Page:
One of the most important aspects of a superior smoking pipe is the age of the briar. Now, this is just my honest opinion on the regions of some of the best briar available today....for over a dozen years now I prefer Algerian or Grecian briar due to proper aging. But I'm sure other pipers have their favorite regions.



KEEP ON PUFFING!!!

Thanks for responding Ted. You've highlighted two good points. Like you I believe the 5/32" draft hole is optimum however I can't explain why one of my fine smoking Edwards has only 1/4" draft. There isn't really that much difference between the two sizes but other pipes with the 1/4" draft would gurgle like a brook in the Sprigtime.

Your comment on the age of the bria,r in my opinion, is spot on. The older the briar the better the smoke.

Okay we'ver got a good start so let's hear from the rest. We need some of you long time pioe smokers to chime in. PeterD, Richard Burley, monbla256, Blackhorse I know there has to be hundreds of years of experience available. Share your treasured knowledge. I've just named a few but there are many others and one doesn't have to have tons of years of experience to reply. Tell us what you know. Smile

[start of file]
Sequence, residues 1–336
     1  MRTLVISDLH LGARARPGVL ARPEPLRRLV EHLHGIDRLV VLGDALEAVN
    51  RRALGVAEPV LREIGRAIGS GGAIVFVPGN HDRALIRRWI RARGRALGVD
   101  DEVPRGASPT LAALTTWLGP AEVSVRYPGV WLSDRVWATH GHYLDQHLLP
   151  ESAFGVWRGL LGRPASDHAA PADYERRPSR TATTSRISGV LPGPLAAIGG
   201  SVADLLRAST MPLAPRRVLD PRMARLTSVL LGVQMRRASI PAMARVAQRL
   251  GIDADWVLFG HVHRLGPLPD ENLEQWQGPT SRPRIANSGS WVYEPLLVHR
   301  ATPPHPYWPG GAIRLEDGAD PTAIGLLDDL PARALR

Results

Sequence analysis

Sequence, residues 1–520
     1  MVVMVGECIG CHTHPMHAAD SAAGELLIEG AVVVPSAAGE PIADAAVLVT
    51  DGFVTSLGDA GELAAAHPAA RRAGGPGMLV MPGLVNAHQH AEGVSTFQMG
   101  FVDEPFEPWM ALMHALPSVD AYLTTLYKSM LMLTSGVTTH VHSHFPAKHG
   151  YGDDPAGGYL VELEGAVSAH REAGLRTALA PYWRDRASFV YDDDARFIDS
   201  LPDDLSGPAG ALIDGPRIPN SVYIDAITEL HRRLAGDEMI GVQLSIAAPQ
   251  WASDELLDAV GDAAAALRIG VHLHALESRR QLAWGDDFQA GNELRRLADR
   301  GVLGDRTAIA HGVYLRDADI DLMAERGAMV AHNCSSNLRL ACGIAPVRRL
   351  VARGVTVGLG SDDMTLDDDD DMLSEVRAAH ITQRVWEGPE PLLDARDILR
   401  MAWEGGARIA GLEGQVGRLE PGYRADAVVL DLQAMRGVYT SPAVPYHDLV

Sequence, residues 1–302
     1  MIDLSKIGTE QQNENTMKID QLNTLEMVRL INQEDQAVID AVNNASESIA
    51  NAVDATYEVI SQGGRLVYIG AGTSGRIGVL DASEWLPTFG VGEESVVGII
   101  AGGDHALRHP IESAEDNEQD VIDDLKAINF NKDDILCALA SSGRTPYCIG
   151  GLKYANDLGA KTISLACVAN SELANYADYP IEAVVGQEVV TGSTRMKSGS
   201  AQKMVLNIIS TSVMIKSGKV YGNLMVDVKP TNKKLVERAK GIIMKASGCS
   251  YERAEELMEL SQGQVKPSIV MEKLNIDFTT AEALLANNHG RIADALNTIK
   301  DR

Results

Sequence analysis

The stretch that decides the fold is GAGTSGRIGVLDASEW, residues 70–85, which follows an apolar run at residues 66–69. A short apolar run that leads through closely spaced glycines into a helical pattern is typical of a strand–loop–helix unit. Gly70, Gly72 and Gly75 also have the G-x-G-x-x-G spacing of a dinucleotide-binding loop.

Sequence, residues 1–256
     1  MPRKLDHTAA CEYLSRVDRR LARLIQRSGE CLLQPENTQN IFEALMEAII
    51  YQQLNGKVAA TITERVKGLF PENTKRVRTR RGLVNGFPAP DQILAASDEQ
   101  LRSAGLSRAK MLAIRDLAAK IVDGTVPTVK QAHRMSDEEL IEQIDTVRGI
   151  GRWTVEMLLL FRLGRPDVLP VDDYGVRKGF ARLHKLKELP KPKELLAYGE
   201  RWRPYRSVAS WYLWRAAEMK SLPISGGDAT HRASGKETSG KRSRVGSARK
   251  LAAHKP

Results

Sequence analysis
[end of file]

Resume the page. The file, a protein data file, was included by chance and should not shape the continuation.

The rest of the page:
AJ
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AJ

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PostSubject: Re: What Makes A Pipe A Great Smoker?   Sun Aug 13, 2017 3:24 pm

Thanks Sasquatch. You really made some good points. Your years of experience is a valuable resouce and it gives the rest of us a key to go buy in selecting a pipe. No doubt a smooth airway is crucial to a great smoking pipe. Again thanks for your input. Smile

AJ
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Lonecoyote

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PostSubject: Re: What Makes A Pipe A Great Smoker?   Sun Aug 13, 2017 3:39 pm

AJ,